April 15, 2020

3D printing used to make coronavirus-killing copper surfaces

By Ellen Daniel

SPEE3D, an Australian supplier of metal-based additive manufacturing technology, has developed a way to 3D print anti-microbial copper proven to kill the Covid-19 virus.

Copper has natural antimicrobial properties, and has been shown to significantly reduce levels of MRSA, e-coli and influenza.

During the current Covid-19 pandemic, many organisations and individuals with access to 3D printers are deploying the technology to help medical professionals. For example, HP has developed a 3D printed nasopharyngeal test swabs, facemasks and ventilator components.

SPEE3D has modified its existing 3D printers so that existing metal parts can be coated with copper, known as ACTIVAT3D copper. The copper surface has been proven to significantly lower levels of SARS-CoV-2, the virus that causes COVID-19, on contact in just two hours.

According to SPEE3D, 3D printing copper parts from scratch can be difficult and time-consuming. Therefore, 3D printing technology to print copper surfaces to coat other items is faster and more affordable.

ACTIVAT3D copper has been tested by 360Biolabs. The tests showed that 96% of the virus was killed in two hours and 99.2% of the virus killed in 5 hours. Stainless steel, in comparison, showed no reduction in the virus levels.

Using 3D printing to combat the coronavirus

SPEE3D hopes that the material can be applied to items such as door handles, rails and touch plates in hospitals, schools and other public places instead of stainless steel or plastic, which SARS-CoV-2 can survive on for up to three days.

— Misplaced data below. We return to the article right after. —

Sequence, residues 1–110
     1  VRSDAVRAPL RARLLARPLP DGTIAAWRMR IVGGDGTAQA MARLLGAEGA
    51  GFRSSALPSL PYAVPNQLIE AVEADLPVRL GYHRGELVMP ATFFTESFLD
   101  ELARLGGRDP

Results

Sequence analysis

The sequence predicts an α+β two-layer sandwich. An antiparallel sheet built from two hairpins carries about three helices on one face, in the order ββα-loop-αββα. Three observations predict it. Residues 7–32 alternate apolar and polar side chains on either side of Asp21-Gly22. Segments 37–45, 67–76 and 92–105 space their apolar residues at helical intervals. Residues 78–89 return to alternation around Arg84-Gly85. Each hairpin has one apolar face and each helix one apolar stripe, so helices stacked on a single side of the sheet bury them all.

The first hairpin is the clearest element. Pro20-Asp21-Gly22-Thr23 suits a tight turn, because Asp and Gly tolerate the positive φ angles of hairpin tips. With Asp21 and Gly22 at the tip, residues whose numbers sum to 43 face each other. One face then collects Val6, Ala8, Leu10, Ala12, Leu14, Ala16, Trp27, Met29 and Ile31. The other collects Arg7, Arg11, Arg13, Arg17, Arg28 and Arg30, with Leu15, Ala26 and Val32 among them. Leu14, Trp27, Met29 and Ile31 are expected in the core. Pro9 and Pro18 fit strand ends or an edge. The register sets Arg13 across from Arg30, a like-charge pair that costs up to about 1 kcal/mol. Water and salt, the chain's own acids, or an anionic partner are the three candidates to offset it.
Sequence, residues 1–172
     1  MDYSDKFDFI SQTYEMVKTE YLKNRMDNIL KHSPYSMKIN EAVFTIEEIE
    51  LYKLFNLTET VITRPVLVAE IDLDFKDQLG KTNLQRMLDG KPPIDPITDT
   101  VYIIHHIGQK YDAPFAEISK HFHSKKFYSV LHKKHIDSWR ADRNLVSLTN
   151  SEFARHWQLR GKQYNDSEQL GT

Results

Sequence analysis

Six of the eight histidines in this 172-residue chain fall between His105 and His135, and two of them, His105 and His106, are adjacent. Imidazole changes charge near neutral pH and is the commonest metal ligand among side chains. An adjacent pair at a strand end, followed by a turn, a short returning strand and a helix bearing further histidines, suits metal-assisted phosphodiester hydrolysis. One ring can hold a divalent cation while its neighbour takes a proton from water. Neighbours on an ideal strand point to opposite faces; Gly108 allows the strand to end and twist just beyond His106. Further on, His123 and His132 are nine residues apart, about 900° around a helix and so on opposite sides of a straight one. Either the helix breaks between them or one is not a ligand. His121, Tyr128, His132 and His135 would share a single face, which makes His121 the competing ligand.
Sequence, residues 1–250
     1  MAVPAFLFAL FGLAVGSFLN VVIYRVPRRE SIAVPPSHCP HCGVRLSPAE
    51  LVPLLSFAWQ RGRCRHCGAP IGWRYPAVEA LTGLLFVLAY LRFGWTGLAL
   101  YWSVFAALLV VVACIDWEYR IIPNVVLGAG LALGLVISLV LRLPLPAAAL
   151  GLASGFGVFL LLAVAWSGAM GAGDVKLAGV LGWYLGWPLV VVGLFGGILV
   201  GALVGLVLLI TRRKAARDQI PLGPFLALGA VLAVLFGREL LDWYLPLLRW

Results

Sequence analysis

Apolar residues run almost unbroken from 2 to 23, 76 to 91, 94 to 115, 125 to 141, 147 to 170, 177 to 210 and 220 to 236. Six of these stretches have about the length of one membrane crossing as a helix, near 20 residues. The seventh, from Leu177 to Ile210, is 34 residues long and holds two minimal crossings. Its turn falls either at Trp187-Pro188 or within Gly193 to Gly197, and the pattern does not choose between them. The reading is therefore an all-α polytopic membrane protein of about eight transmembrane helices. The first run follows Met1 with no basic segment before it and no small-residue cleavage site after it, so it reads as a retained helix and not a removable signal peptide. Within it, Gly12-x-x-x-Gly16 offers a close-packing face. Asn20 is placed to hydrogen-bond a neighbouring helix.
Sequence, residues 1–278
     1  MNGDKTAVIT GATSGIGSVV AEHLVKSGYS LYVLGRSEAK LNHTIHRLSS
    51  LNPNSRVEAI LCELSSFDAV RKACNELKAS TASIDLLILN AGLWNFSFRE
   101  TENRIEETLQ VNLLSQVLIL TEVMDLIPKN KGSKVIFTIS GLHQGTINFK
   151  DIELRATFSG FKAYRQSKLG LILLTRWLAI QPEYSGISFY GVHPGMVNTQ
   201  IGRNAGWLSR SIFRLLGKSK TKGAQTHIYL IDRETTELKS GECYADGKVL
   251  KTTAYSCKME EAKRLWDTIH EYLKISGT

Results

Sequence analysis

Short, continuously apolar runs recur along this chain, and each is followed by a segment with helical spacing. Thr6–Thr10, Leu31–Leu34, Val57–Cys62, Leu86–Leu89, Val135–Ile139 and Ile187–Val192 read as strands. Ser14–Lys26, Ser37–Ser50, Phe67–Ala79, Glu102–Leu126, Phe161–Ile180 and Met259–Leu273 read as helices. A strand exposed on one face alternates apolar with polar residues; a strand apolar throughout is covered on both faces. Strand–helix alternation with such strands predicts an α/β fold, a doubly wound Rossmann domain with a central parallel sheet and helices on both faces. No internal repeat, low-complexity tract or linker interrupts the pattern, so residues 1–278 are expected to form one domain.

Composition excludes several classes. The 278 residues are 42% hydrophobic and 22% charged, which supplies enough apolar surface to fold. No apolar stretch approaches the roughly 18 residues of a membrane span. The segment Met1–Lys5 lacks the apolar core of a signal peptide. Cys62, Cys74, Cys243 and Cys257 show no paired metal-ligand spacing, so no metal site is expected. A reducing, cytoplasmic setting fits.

SPEE3D CEO Byron Kennedy said:

“The lab results show ACTIVAT3D copper surfaces behave much better than traditional stainless, which may offer a promising solution to a global problem. The technology can be used globally addressing local requirements, be they in hospitals, schools, on ships or shopping centres.”

SPEE3D sent the digital 3D printing files to participating partners around the globe, allowing newly-coated parts to be installed in buildings in the USA, Asia and Australia, reducing the chance these surfaces being contaminated with Covid-19.

Assistant director of digital design and additive manufacturing at the University of Delaware, Larry Holmes, said:

“Scientists and engineers at the University of Delaware were honoured to be part of this global research collaboration. We recognized the importance of developing simple, yet highly impactful, solutions that have been proven effective on COVID-19. Recognizing supply chain shortfalls over the last couple of months, it was clear to this team that fabrication speed was a priority. Using this technology, we are able to rapidly transition safe options for high-touch surfaces.”

Read more: Coronavirus case studies: How Whitgift School is manufacturing hospital visors.